Scott Taylor: God speaks to us in many ways, including sacrament meeting messages

How to be less nervous

For some, public speaking can be a terrifying experience. Nash offered several tips for how reduce your anxiety when speaking in church.

  • Prepare early. “If ye are prepared ye shall not fear” (D&C 38:30).
  • Practice prayerfully.
  • Pick one person or a few people in the congregation and speak to them. “That will help you relax. You will see you are speaking to your friends who want you to succeed,” Nash said.
  • Smile. “Studies show it can reduce stress and spark dopamine, which decreases anxiety. Add in some eye contact with individual people, especially people you love, and you will feel more comfortable,” Nash said.

Finally, Nash emphasized saying what you are there to say.

“The best example might be Abraham Lincoln and the Gettysburg Address,” he said. “He didn’t stand up and say, ‘Boy, I was so nervous I wrote my talk on the back of an envelope on the way here.’ ... Lincoln stood up and said, ‘Fourscore and seven years ago.’ I don’t know if he was nervous, but ... it’s a fabulous talk because he said what he was there to say. And when we do that, when we’re on the Lord’s errand, we’re entitled to the Lord’s blessing.”

A boy gives a talk in a Latter-day Saint meetinghouse.
A boy gives a talk in a Latter-day Saint meetinghouse. | The Church of Jesus Christ of Latter-day Saints

How to avoid going ‘overtime’

It’s been said that people stop listening when the meeting continues passed it’s scheduled ending time.

Speakers are often given a specific length of time for their talk so each speaker has adequate time to deliver their remarks during the service. Speaking beyond one’s allotted time also means taking away from another speaker’s message.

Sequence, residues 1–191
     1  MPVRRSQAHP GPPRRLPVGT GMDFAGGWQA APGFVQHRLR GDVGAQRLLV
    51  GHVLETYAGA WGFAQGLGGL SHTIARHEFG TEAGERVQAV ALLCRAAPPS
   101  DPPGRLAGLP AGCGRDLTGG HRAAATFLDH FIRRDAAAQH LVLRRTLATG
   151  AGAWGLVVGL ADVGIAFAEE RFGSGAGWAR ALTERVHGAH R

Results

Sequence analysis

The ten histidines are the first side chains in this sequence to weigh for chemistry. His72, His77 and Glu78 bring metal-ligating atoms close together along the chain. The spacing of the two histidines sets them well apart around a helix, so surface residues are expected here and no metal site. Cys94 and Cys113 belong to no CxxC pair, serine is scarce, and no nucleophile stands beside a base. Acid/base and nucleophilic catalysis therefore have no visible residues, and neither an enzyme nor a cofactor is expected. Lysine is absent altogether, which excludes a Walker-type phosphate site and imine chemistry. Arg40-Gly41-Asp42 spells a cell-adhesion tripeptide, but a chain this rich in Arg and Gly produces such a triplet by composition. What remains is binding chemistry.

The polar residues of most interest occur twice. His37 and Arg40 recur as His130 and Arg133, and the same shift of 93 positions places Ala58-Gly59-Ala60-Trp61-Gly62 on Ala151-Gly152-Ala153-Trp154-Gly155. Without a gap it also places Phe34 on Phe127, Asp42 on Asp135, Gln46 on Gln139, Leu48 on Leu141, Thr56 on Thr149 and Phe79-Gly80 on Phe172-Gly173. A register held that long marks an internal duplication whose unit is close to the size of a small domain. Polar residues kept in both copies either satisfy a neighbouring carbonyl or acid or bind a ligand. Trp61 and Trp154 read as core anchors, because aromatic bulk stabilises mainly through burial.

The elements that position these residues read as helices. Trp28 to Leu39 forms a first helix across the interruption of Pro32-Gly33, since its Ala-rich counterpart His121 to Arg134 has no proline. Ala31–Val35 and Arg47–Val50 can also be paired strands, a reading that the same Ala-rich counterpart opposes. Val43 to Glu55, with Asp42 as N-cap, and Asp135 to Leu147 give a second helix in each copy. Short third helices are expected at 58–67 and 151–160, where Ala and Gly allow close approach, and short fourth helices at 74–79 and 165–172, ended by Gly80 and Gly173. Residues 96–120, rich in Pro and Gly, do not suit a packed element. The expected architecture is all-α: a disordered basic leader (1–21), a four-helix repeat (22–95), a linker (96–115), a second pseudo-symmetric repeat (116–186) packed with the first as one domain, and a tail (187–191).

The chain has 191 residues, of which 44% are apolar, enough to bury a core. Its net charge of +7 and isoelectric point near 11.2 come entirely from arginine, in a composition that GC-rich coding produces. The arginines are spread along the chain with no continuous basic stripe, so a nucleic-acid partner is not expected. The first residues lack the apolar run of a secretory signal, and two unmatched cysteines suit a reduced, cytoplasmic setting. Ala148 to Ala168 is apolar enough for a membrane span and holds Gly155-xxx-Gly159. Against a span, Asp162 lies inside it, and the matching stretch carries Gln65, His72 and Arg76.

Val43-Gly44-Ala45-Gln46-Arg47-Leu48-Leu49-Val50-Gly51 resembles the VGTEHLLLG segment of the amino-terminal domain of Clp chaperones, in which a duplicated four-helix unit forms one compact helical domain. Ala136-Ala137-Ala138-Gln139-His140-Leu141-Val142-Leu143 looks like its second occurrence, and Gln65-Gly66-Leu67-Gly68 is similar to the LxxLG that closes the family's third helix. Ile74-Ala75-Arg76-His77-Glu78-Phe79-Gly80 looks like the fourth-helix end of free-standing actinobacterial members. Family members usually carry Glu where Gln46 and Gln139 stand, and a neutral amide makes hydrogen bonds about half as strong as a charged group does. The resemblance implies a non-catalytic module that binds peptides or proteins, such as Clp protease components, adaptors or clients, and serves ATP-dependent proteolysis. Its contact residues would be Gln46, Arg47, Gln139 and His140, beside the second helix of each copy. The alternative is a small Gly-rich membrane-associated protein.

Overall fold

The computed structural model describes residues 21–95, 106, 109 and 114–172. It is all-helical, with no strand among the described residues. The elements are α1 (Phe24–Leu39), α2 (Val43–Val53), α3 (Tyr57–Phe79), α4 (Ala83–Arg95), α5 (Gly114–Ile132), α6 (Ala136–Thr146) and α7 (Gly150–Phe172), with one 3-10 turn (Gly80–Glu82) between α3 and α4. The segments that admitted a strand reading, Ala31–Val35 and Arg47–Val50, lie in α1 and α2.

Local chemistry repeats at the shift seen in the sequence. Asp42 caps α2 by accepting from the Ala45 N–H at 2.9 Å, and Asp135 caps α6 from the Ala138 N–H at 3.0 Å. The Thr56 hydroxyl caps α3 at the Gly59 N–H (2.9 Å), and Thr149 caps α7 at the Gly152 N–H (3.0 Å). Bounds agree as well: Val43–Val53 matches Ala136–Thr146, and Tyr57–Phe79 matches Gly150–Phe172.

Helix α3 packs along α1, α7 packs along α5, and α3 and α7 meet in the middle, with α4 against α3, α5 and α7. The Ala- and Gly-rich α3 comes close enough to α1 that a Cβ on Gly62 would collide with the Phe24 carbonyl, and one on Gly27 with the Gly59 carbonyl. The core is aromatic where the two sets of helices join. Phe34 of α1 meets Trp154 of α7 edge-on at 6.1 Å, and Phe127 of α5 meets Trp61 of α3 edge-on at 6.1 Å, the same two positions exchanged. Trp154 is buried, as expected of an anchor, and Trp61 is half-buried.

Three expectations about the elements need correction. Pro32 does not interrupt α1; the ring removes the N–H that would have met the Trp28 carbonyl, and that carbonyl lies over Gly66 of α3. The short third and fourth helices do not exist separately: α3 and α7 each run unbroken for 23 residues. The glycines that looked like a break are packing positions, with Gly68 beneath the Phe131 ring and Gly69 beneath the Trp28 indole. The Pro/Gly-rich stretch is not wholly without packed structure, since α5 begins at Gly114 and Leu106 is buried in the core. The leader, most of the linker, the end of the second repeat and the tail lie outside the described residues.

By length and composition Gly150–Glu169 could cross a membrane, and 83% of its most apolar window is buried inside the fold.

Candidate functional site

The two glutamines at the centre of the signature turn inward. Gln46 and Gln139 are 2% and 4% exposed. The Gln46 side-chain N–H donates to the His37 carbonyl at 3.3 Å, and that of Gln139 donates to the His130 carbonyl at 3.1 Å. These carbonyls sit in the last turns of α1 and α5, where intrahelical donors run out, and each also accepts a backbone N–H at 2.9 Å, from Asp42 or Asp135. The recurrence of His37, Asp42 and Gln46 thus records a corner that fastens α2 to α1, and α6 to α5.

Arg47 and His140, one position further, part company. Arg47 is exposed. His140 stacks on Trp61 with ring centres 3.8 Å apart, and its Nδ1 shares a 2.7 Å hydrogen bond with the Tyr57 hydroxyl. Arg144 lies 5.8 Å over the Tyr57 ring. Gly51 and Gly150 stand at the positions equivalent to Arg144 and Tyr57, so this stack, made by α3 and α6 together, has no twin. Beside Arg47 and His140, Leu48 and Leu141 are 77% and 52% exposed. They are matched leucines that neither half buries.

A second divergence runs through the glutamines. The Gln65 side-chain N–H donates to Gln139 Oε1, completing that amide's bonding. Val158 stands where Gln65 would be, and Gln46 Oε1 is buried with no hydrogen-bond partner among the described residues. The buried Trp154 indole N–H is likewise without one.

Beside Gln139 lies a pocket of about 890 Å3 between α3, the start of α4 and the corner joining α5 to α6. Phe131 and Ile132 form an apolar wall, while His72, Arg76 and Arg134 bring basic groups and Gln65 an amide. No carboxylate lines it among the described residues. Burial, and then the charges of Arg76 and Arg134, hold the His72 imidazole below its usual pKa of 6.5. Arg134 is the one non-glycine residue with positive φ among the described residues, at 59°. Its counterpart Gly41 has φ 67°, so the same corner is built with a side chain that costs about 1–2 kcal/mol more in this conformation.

“The best way to avoid going overtime when you speak is to be organized,” Nash said.

Writing a talk vs. speaking from notes

Should a speaker read their prepared talk word-for-word or do their best with a rough outline of notes?

Perhaps the only time Nash recommends reading your full talk is if you are speaking in general conference. Speaking from notes also enables a person to be more spiritually-guided in their remarks.

“It’s easier to connect emotionally when you don’t read your talk,” said Nash, who cites several examples in his book when church leaders have counseled members to use notes. “Again, when you use President McKay’s principles you are preaching less and sharing examples, telling stories. When you are talking about something that happened to you, you don’t need to read it, you can speak to it. ... It’s easy to give a talk when you are speaking from your heart.”

How to be a good listener in the congregation

Someone once asked President Spencer W. Kimball, “What do you do if you find yourself caught in a boring sacrament meeting?”

Richard Nash, of Salt Lake City, Utah, is the author of “3 Keys to Help You Give a Better Talk.”
Richard Nash, of Salt Lake City, Utah, is the author of “3 Keys to Help You Give a Better Talk.” | Provided by Richard Nash

“I don’t know; I’ve never been in one,” he said.

For those seated in the pews, Nash suggests bringing a notebook to church and taking notes.

“It’s easy to let your mind wander,” the author said. “But if I’m taking notes, I am more invested. I don’t close my eyes and my mind doesn’t wander. I’m looking for kernels of truth that will help me.”

He continued: “When we are paying attention ... great talks have the power to change our lives.”

Why Nash wrote the book

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Over the years as Nash has served in the church, he has attended meetings where he’s thought, “Oh, this person needs President McKay’s three principles.”

Finally, Nash made the decision to share them in a book.

“They are almost impossible to find online. They are intuitive. Once you learn them, you think, ‘Of course, this is a great way to speak in church,’” Nash said. “Since I’ve written the book I had some sweet emails, notes and phone calls from people who have said, ‘Thanks for helping me.’”

Find additional resources and learn more about Nash’s book at or purchase a copy at

Tips for living: 4 ways to prepare an inspiring, informative and concise talk in church
Tips for living: Giving a better sacrament meeting talk